Billy Todachennie, a former school board member, has spent 12 years working in public education and formerly served as the vice president of the Navajo Nation’s Aneth Chapter. Despite his extensive background in public service, Todachennie is not afraid to discuss his own challenges with education .
“I’m not an academically-inclined person. I have some of my handicaps in reading, writing… I use my own personal experience to help [students],” he said, regardless of students’ social or economic background.
A Montezuma Creek resident, Todachennie experienced his own educational setbacks growing up on the Navajo reservation.
If elected, he aims to increase graduation rates through increased parent engagement, including having parents sign a contract pledging to stay involved in their childrens’ education.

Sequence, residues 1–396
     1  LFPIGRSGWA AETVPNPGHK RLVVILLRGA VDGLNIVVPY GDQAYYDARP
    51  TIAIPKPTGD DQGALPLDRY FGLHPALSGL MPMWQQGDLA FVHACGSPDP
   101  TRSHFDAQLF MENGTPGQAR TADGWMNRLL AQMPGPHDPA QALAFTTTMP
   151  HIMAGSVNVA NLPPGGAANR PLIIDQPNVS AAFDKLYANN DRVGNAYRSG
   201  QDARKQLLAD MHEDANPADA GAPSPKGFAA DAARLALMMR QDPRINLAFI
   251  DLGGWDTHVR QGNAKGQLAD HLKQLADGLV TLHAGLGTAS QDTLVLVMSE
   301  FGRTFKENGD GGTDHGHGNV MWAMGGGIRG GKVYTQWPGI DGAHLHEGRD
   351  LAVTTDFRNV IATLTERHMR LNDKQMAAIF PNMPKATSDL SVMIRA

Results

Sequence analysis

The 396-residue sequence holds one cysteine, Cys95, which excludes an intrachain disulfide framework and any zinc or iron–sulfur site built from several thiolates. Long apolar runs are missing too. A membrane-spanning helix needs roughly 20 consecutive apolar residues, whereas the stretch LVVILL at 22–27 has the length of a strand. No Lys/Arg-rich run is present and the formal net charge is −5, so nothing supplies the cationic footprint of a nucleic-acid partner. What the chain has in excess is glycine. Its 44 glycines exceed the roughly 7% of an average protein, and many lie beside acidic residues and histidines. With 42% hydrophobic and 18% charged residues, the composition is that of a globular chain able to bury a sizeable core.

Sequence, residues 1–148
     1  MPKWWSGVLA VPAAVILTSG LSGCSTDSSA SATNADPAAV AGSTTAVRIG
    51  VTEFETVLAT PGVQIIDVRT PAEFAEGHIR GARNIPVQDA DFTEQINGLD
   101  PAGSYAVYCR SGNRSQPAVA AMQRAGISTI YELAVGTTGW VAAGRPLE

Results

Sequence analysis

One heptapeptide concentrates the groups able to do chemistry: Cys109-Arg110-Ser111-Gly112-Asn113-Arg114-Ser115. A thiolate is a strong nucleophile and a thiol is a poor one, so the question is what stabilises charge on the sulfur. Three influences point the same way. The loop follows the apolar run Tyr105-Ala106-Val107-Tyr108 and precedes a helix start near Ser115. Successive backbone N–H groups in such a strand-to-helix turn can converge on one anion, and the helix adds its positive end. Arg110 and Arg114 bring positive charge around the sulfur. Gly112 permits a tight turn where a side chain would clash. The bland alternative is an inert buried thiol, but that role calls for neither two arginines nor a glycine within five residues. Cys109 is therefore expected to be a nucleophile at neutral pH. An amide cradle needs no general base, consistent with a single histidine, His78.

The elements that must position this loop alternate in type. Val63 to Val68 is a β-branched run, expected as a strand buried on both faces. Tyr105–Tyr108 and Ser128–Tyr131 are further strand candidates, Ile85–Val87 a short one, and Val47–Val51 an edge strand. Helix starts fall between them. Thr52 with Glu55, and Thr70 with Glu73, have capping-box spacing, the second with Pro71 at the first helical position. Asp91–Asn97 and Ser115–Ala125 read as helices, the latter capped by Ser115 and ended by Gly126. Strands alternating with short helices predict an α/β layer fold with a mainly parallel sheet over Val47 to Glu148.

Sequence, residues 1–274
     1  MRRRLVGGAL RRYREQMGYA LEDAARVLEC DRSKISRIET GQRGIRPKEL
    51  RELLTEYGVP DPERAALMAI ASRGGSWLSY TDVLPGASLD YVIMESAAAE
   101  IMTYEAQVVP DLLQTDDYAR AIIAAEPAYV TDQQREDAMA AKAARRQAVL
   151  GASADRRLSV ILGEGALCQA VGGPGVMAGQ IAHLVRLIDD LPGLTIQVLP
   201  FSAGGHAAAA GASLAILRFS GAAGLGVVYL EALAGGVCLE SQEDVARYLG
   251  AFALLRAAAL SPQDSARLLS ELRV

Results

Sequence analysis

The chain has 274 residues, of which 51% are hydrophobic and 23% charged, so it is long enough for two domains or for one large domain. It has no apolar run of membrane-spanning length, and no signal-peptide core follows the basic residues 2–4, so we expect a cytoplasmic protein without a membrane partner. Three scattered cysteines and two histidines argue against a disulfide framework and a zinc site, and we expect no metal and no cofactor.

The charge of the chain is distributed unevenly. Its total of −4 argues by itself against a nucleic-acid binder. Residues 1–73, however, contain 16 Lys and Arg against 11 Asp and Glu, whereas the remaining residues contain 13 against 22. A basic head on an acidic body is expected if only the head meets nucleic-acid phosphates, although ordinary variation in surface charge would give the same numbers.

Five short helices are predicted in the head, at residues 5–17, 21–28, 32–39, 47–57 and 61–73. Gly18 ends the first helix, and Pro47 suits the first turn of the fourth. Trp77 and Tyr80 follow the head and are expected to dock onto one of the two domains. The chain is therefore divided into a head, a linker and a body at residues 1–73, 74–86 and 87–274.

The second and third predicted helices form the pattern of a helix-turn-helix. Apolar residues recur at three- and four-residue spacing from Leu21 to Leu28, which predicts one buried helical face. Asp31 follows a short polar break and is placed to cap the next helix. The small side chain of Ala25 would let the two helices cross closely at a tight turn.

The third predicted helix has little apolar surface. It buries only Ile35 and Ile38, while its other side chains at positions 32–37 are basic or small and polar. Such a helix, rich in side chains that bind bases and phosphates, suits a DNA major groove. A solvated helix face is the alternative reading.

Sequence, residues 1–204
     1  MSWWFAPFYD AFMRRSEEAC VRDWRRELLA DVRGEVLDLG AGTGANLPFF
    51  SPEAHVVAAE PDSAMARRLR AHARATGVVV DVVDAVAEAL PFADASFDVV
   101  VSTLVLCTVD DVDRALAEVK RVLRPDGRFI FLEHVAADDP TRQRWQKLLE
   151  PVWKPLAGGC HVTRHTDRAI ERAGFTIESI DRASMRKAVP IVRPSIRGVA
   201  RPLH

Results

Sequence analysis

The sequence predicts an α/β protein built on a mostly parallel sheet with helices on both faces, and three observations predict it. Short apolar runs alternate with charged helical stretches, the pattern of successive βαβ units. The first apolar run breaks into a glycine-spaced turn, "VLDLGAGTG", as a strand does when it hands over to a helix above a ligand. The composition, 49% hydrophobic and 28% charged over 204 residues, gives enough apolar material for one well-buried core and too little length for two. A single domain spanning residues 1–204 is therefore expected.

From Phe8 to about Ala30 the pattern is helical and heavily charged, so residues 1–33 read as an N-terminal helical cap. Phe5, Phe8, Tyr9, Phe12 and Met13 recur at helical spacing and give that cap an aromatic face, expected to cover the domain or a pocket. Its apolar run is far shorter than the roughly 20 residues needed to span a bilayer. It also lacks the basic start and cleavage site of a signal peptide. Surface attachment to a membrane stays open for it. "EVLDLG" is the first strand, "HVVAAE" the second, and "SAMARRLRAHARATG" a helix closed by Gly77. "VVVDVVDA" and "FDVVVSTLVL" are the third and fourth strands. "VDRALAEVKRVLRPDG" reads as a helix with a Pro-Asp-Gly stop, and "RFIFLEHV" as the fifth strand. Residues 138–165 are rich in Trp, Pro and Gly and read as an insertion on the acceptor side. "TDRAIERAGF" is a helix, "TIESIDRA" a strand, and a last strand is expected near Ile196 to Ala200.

He also hopes to improve teacher retention by partnering with state and federal officials to offer incentives. Todachennie acknowledges the difficulty of teacher retainment, specifically on remote reservation lands since they cannot own property near the area. He also believes in equal distribution of taxpayer money for all San Juan County schools.
He wants to push for more practical learning skills in the classroom, such as a dual language initiative and digital literacy training. Todachennie hopes students will leave school with the necessary skills and knowledge to succeed in their futures.
“I don’t want a group of students walking out of here without computer skills,” he said. “The world is moving in that direction.”
School safety is a priority, he said, alluding to the national conversation on schools’ emergency preparedness. Even county schools on the reservation or rural areas are not immune from the threat of violence, Todachennie said.